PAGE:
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Ted Cruz Says Senate Republicans 'Declared War' On House Majority

'It is literally Senate Republican leadership helping the Democrats in the House'

Ted Cruz Says Senate Republicans 'Declared War' On House Majority

Texas Sen. Ted Cruz said Senate Republicans have "basically declared war" on House Republicans after introducing a questionable bipartisan border bill earlier this week.

Cruz discussed the bill and its effects on the Republicans in both chambers of Congress during a Tuesday episode of his podcast, Verdict with Ted Cruz.

“Senate Republican leadership has basically declared war on House Republicans,” Cruz said of the bill negotiations. “I had been standing up, as have a number of other conservatives making the case against this, and many of my Republican colleagues are getting really pissed off.”

The Texas senator said there had been "energetic disagreements" among Senate Republicans during their lunches.

"I think the chances of the bill passing the House are 0%," he added, noting House Republican leadership, including Speaker of the House Mike Johnson, said the bill would be "DEAD on arrival" if the bill reached the lower chamber.

Cruz said a fair number of Republican senators "desperately" wanted to vote for the bill. The bill is about "political messaging" and giving "political cover for Democrats," according to Cruz.

“This enables Chuck Schumer, it enables every Democrat running for reelection and enables Joe Biden to, number one, to not secure the border, to leave the crisis exactly as it is," he said. "But number two, to say, ‘Well, we wanted to secure the border, but the Republicans stopped us.'"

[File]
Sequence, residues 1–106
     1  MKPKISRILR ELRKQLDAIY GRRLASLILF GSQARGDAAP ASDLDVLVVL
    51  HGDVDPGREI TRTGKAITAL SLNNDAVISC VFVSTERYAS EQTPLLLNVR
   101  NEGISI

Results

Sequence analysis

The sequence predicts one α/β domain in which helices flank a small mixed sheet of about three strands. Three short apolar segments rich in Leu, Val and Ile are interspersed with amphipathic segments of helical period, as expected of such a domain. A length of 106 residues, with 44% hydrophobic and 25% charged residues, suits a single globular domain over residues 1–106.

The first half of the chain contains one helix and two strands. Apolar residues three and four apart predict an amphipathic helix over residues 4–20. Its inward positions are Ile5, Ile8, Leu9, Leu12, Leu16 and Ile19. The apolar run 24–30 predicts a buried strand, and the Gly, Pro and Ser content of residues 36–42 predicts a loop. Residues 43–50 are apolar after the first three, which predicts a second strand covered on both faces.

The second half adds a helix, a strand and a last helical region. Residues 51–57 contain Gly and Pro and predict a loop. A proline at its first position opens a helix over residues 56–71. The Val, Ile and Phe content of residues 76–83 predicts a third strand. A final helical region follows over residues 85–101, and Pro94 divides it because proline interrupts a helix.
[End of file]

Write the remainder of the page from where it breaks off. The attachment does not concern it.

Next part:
The Texas senator said Senate Republican leadership wanted to use the bill's passage as a "club to beat the crap out of House Republicans" and diminish the leverage of House Republican's slim majority.

"It is literally Senate Republican leadership helping the Democrats in the House," he added.

“You are reading Chuck Schumer’s talking points,” he said. “And your lie will be used to reelect Democrats to the Senate and in the House."

Cruz said Republicans who support the bill were being "useful idiots."

The bill failed to pass a Senate vote on Wednesday with a vote of 49 in favor and 50 opposed. Four Republicans, including Oklahoma Sen. James Lankford, Utah Sen. Mitt Romney, Maine Sen. Susan Collins, and Arkansas Sen. Lisa Murkowski, voted in favor of the bill.

Lankford was a lead negotiator of the deal along with Sen. Krysten Sinema, an Independent, and Connecticut Sen. Chris Murphy, a Democrat.

The contested legislation would have enacted border emergency authority if “an average of 5,000 or more” illegal border crossings happen in a seven-day period, or if a combined total of 8,500 border crossings are observed on any one calendar day.

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